Last year I was moved to write an email to the staff at ‘This American Life’ after hearing a rerun of their ‘Amusement Park’ episode. In honor of the Fourth of July, I’m forwarding an excerpt of it to you:

“Six years ago, my wife became fed up with all of the things that were wrong with America, and moved us from our California home to the UK. Though politically I have always agreed with her views, I have always felt that there was more to my country than the negative things she saw. But while it has always been very easy for her to point out shootings, urban sprawl and the crassness of pop culture as examples of America gone wrong, I have had a difficult time pinpointing what’s right or great about America, and the reasons I miss my homeland as much as I do. I had always loved This American Life, and listened to it every week while we lived in California, but it was only recently that I discovered I could get the program on a podcast. In the months since I made this discovery, I have been able to hear for myself every week concrete examples of the things I miss.

Last week, the news of the cinema killing in Aurora, Colorado, gave my wife just one more perfect example of the horrors we had fled, and I found myself in despair that perhaps I had been deluding myself that there was anything left back home that was worthwhile anymore. After all, how does one counter a negative as big as mass murder?

But then I listened to your recent podcast about amusement parks. I’m sure it sounds crazy, but the story of Cole Lindbergh and his antics at the Worlds of Fun park were like a shining beacon from across the ocean. Britain isn’t all that different from the US, but I have never met anyone here at all like Cole, and hearing his story, I could point to him and say to myself, “THAT’s what the rest of the world is missing!” The concept of a man making his living doing exactly what he wants to do, loving life and finding success while making people happy — there is something profoundly American about that, and I loved hearing about it. In his own small, ridiculously silly way, Cole Lindbergh is helping to keep America great. Please don’t laugh when I tell you that I got the same lump in my throat listening to Ira’s description of him singing and dancing with his teen-aged staff as I do when I watch the end of ‘It’s a Wonderful Life’. I hope Cole finds a way to keep his dream going, and I thank you for letting me hear his story.”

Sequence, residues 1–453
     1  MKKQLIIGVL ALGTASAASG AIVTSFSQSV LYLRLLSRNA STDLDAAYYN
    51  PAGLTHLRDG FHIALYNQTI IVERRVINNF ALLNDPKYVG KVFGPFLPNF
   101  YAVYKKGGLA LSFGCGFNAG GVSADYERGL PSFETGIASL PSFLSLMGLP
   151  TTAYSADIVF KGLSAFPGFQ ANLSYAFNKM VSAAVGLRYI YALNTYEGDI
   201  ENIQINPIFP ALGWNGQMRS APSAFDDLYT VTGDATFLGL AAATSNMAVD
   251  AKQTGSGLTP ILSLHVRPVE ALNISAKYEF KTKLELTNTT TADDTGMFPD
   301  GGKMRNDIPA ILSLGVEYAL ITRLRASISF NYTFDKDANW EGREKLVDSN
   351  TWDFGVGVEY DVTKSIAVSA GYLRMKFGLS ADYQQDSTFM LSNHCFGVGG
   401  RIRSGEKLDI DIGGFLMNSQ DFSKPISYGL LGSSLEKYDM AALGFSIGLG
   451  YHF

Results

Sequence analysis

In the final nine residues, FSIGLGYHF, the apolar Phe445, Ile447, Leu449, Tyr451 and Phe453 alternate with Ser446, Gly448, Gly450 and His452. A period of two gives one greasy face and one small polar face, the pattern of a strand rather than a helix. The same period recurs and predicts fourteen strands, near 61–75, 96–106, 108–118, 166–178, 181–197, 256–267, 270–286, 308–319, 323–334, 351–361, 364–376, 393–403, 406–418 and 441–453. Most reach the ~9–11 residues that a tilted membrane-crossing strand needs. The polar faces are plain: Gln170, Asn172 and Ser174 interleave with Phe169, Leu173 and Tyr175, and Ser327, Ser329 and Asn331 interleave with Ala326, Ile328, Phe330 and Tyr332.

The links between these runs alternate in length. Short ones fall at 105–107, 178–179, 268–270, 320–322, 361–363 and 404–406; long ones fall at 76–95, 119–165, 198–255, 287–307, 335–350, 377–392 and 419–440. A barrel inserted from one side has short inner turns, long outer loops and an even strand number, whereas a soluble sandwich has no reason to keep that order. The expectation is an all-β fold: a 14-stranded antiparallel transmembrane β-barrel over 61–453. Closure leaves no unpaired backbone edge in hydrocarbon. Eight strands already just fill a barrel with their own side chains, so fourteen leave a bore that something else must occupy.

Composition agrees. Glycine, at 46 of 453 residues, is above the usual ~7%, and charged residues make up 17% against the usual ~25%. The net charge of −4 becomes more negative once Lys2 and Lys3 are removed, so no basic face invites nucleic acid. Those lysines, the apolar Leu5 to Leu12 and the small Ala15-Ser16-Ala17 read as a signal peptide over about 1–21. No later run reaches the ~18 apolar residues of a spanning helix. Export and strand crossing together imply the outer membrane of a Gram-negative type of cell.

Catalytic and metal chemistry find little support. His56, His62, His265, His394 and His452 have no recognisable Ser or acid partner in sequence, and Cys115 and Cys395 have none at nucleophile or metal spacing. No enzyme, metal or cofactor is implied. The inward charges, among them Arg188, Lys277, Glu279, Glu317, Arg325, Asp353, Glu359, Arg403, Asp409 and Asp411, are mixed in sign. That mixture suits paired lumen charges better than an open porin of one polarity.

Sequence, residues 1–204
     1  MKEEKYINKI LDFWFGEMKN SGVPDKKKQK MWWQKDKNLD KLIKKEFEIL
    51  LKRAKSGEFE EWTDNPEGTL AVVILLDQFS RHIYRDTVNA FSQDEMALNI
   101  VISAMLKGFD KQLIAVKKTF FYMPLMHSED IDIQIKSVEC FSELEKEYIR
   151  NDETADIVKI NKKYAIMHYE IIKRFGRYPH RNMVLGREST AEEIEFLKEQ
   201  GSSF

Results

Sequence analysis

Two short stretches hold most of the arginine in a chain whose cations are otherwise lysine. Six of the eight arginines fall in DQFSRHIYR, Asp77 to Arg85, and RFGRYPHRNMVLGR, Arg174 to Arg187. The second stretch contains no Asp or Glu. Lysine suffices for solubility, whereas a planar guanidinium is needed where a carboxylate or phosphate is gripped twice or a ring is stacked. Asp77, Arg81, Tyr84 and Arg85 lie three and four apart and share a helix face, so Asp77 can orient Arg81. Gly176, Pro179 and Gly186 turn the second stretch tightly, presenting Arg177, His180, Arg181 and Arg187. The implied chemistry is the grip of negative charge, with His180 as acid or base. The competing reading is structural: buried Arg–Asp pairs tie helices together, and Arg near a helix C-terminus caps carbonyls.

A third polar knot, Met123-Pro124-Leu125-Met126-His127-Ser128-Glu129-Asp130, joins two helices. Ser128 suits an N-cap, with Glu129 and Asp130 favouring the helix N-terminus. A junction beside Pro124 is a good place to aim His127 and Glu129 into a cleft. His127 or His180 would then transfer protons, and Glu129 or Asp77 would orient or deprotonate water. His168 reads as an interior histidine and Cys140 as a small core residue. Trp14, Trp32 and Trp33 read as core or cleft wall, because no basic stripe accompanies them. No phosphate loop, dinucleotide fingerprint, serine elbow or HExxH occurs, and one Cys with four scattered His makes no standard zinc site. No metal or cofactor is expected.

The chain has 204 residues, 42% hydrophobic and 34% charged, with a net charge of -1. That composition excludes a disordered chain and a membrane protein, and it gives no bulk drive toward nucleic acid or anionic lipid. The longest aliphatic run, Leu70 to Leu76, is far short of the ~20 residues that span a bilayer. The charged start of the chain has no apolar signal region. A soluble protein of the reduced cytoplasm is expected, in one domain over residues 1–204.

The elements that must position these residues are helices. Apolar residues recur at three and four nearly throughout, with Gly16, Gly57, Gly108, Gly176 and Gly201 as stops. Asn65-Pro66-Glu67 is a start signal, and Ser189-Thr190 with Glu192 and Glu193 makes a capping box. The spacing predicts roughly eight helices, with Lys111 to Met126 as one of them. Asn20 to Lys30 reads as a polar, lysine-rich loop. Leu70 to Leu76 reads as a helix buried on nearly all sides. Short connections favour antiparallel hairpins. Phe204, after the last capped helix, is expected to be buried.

Again, happy Fourth, Cole. Rock that Uncle Sam hat for me.

Sincerely,
Tom M.

I’ve read this message multiple times, and I’m still rather speechless about it. There is one part that sticks out to me though, one thing that I immediately think about, and anyone who truly knows me might be able to pick it out as well. It’s something that I pride myself on; making people happy. To know that this little Games Department in Kansas City could bring joy into someone’s life thousands of miles away is for me both heartwarming and overwhelming.

Each year, I tried to train my staff that we were never really in the business of getting people to play games; we were in the business of creating memories. I pushed my staff to make an impression. Make it so that ten years after that guest wins the prize, when they find it sitting in the bottom of their closet, they can pull that prize out, look at it, smile, and immediately be flooded with the memories of the time they won it at the amusement park.

I’ve been faulted for having such a romantic point of view about winning prizes and making memories. But, when I get messages like the one above, I get that romantic feeling all over again. It’s a great feeling.

Thank you Tom, for not only making my day, but the day of all those games employees who still believe in making memories.

Summertime and Change

It’s summertime. The weather is changing (*). School is out. The BBQ’s are firing up. Fourth of July is approaching. It’s the summer, and it feels unlike any summer I’ve ever had before.  There’s something missing, something different, and if you know me, or know a little bit about me, it’s rather obvious to know why it’s different.

(*) When it comes to weather change, here in Missouri may just take the cake. It’s entirely possible/plausible to walk ten feet and feel a temperature change.

This is my first summer without the amusement park in my life. This is the first summer without the games department in my life. It’s the first summer that I’m not working 60+ hour weeks, rain or shine, Monday-Sunday. It’s the first time in 12 years that I’ve had consecutive Saturdays off. I can’t put into words how weird of a feeling it is.

This site would not exist if I was still working at the park, but the crux of saying that is that the site would never exist if it wasn’t for the amusement park in the first place.

When I left the park, I made a farewell video, something close to my heart. It was difficult to do. I still have a hard time watching it without getting emotional.

I got a message today from a friend of mine, an employee still at the park, it read the following, “Just letting you know we still miss you,” and included this photo:

Click to enlarge - Cole’s name written on the back wall of a games section, seen in the video “The End”

I immediately replied, “Miss you guys too.”

Cole